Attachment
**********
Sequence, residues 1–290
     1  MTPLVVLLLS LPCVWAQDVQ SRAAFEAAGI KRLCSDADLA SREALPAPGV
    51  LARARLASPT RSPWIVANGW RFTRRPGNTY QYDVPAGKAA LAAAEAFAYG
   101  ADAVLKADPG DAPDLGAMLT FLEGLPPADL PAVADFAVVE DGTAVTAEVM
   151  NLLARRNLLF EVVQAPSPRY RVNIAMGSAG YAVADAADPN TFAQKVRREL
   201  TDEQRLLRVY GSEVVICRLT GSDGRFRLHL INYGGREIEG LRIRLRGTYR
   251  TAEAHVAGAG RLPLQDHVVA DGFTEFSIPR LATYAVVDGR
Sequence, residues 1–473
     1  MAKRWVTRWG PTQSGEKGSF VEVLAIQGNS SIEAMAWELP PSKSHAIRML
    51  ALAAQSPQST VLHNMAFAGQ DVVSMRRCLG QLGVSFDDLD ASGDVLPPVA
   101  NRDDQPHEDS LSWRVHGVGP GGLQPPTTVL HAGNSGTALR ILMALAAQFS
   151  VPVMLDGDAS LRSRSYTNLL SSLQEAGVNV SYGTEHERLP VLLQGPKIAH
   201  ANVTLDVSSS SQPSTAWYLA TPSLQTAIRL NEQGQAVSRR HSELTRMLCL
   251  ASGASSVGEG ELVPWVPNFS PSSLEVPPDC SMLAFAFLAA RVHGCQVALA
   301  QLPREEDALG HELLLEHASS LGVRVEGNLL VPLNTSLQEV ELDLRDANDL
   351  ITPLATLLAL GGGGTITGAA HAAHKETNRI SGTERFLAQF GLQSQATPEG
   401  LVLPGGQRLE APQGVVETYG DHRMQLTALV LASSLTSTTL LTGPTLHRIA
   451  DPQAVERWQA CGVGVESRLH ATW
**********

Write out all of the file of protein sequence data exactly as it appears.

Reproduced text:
Sequence, residues 1–290
     1  MTPLVVLLLS LPCVWAQDVQ SRAAFEAAGI KRLCSDADLA SREALPAPGV
    51  LARARLASPT RSPWIVANGW RFTRRPGNTY QYDVPAGKAA LAAAEAFAYG
   101  ADAVLKADPG DAPDLGAMLT FLEGLPPADL PAVADFAVVE DGTAVTAEVM
   151  NLLARRNLLF EVVQAPSPRY RVNIAMGSAG YAVADAADPN TFAQKVRREL
   201  TDEQRLLRVY GSEVVICRLT GSDGRFRLHL INYGGREIEG LRIRLRGTYR
   251  TAEAHVAGAG RLPLQDHVVA DGFTEFSIPR LATYAVVDGR
Sequence, residues 1–473
     1  MAKRWVTRWG PTQSGEKGSF VEVLAIQGNS SIEAMAWELP PSKSHAIRML
    51  ALAAQSPQST VLHNMAFAGQ DVVSMRRCLG QLGVSFDDLD ASGDVLPPVA
   101  NRDDQPHEDS LSWRVHGVGP GGLQPPTTVL HAGNSGTALR ILMALAAQFS
   151  VPVMLDGDAS LRSRSYTNLL SSLQEAGVNV SYGTEHERLP VLLQGPKIAH
   201  ANVTLDVSSS SQPSTAWYLA TPSLQTAIRL NEQGQAVSRR HSELTRMLCL
   251  ASGASSVGEG ELVPWVPNFS PSSLEVPPDC SMLAFAFLAA RVHGCQVALA
   301  QLPREEDALG HELLLEHASS LGVRVEGNLL VPLNTSLQEV ELDLRDANDL
   351  ITPLATLLAL GGGGTITGAA HAAHKETNRI SGTERFLAQF GLQSQATPEG
   401  LVLPGGQRLE APQGVVETYG DHRMQLTALV LASSLTSTTL LTGPTLHRIA
   451  DPQAVERWQA CGVGVESRLH ATW